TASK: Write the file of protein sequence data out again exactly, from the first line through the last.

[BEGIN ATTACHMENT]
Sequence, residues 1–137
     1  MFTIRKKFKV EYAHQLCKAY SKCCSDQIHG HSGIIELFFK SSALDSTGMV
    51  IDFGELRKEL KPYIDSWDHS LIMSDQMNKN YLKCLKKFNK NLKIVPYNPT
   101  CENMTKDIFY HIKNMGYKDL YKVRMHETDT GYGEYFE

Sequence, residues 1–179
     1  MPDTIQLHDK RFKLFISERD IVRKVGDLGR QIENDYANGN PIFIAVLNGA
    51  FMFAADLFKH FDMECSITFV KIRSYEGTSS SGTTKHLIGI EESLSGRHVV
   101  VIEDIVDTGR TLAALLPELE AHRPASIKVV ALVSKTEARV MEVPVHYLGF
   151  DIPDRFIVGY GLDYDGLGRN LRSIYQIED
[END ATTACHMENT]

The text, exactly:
Sequence, residues 1–137
     1  MFTIRKKFKV EYAHQLCKAY SKCCSDQIHG HSGIIELFFK SSALDSTGMV
    51  IDFGELRKEL KPYIDSWDHS LIMSDQMNKN YLKCLKKFNK NLKIVPYNPT
   101  CENMTKDIFY HIKNMGYKDL YKVRMHETDT GYGEYFE

Sequence, residues 1–179
     1  MPDTIQLHDK RFKLFISERD IVRKVGDLGR QIENDYANGN PIFIAVLNGA
    51  FMFAADLFKH FDMECSITFV KIRSYEGTSS SGTTKHLIGI EESLSGRHVV
   101  VIEDIVDTGR TLAALLPELE AHRPASIKVV ALVSKTEARV MEVPVHYLGF
   151  DIPDRFIVGY GLDYDGLGRN LRSIYQIED